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Posted: January 29, 2021:  

(RRW) Athletics: Triple South African Champion Marius Van Heerden Has Died From COVID-19

From David Monti, @d9monti
© 2021 Race Results Weekly, all rights reserved.

(29-Jan) -- The COVID-19 pandemic claimed one of the best middle distance runners ever produced in South Africa, Marius van Heerden, in Cape Town last Thursday (January 21). Van Heerden, a former South African senior record holder and junior champion in the 800 meters, as well as national senior champion over 1500m, was just 46 years-old.

PHOTO: Marius Van Heerden in 2017 (family photo via Facebook)

Van Heerden represented South Africa at the 1996 Olympic Games in Atlanta and the 1997 World Championships in Athens. He first received national colours for a tour to India in 1993.

Van Heerden came onto the national scene in 1991 when he won the national U17 800m title in Germiston in 1:51.82. A year later in Cape Town's Green Point Stadium he beat Hezekiel Sepeng (who is two months older) into second place to take the U19 gold medal in 1:49.17. A month earlier in Bellville he had run his best time of 1:48.63.

In September 1992 he finished sixth at the World Junior Championships in Seoul in 1:48.71.

The next year, 1993, he improved to 1:46.38 in Pretoria behind Johan Landsman, and also ran 1:46.55, 1:46.59, 1:46.87 and 1:46.89. The fastest time placed him fourth on the world junior list, with the 11th best time (Sepeng had the three quickest). He could not better this in 1994 and 1995, but in the Olympic year he reached the pinnacle of his career when he set a new South African record of 1:44.57 in Cape Town on April 12 -- improving the national mark that had stood for 25 years behind the names of Dicky Broberg and March Fiasconaro. Although this performance was surpassed four times later in the year by Sepeng, who eventually won the silver medal in Atlanta, Van Heerden's time placed him 23rd on the world list for the year. He also ran the fastest South African time for 1000m, a personal best of 2:17.64, as well as 1:45.52 and 1:45.99.

At the Olympic Games Van Heerden was eliminated in the first round when he finished third in his heat in 1:47.46. Three weeks before, he had been eighth in the Bislett Games in 1:46.31, then his fourth fastest time.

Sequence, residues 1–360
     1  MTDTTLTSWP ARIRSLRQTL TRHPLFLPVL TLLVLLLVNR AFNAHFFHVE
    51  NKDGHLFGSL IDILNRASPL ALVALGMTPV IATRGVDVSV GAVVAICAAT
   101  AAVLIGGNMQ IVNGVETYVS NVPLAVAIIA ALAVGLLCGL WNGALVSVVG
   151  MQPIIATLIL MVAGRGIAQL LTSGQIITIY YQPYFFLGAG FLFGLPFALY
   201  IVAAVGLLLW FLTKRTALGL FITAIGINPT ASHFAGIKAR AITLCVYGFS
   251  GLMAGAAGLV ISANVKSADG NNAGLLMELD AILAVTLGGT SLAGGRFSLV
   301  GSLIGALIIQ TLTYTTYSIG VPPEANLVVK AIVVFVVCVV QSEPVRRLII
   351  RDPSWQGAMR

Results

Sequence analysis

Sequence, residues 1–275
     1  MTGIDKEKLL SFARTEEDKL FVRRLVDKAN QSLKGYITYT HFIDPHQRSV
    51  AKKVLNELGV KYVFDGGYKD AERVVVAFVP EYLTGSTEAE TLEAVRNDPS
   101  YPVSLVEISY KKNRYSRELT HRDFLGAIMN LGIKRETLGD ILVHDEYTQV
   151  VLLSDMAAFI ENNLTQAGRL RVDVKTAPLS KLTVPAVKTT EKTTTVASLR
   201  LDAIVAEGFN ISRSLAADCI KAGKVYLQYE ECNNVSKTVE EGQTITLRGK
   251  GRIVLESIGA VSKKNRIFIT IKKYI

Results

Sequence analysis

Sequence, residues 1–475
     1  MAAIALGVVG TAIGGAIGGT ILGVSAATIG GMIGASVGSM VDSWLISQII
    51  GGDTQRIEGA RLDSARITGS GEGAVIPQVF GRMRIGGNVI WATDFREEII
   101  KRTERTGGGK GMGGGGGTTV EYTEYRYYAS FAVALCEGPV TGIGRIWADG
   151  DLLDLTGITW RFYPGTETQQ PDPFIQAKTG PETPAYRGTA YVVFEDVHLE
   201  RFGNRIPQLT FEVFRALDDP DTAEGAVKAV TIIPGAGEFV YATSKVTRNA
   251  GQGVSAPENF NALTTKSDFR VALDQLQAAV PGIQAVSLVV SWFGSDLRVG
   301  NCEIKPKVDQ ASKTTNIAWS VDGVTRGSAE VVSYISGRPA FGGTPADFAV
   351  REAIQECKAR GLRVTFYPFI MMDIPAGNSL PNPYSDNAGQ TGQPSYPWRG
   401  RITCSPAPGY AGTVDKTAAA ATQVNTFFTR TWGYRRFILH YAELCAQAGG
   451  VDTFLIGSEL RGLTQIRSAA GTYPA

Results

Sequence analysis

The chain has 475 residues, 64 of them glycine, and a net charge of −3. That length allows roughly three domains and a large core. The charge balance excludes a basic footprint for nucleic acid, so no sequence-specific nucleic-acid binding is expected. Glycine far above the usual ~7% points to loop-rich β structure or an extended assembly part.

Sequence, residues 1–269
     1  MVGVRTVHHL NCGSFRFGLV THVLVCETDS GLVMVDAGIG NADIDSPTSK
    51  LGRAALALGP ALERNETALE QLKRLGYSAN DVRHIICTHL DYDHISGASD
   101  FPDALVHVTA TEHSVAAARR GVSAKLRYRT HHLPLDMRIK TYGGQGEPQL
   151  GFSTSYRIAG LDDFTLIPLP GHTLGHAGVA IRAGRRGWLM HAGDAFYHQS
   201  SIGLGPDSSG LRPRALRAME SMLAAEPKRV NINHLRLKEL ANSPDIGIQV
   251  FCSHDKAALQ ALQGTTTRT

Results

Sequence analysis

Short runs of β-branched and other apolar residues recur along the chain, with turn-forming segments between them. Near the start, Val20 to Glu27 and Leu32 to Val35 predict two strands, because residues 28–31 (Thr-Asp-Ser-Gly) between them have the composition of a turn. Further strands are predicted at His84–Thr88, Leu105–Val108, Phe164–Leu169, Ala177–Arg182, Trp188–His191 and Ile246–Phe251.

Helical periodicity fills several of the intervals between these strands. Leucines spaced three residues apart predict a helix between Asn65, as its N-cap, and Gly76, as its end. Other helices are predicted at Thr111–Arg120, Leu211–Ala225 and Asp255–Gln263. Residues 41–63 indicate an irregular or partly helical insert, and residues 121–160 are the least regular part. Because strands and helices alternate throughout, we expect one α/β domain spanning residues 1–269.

Earlier in the year he had run the best mile of his career when he finished third behind Johan Botha and Sepeng in 3:57.49 -- also the third fastest SA time for 1996.

He never won the SA senior title over two laps, but the year 1997 started off well for him when he took the 1500m title in 3:42.11 -- interestingly enough, at altitude in Potchefstroom. (He twice won the silver medal over 800m, in 1993 and 1998, and in 1995 the bronze; he was also third in the 1500m in 1996. As a junior, apart from his two 800m titles, he also won the silver medal over 800m in 1993 and over 1500m in 1991.)

A month later he ran his best 800 time of the year when he clocked 1:45.63 in Cape Town. At the World Championships he qualified for the quarterfinal with a third place in his heat in 1:47.56, but then finished only sixth in the next round and was eliminated.

He recorded the two fastest SA times for 1000m in 1997, with a best of 2:18.25.

In 1998 his best 800 was 1:46.83 (for 8th on the SA list) and in 2000 1:46.64 (also 8th). He finished his career with eleven performances under 1:47.00 and at the time of his death he was still seventh on the SA all-time list.

Van Heerden twice represented South Africa in international test matches and won the 800 on both occasions: against Italy in 1996 (1:49.4) and against Russia in 1998 (1:46.83).

Van Heerden's annual progression in the 800 and 1500: 1990 - 1:52.9h; 1991 - 1:50.0h; 1992 - 1:48.63; 1993 - 1:46.38; 1994 - 1:46.92; 1995 - 1:47.02; 1996 - 1:44.57 PB/3:40.51 PB; 1997 - 1:45.63/3:41.43; 1998 - 1:46.83/3:43.8h; 1999 - 1:50.36/3:42.95; 2000 - 1:46.64; 2001 - 1:49.73. His other PBs: 600 - 1:18.94/00; 1000 - 2:17.64/96; mile - 3:57.49/96.

Van Heerden was born on September 8, 1974. He leaves his wife, Petra, and two sons, Tiann and Hugo.

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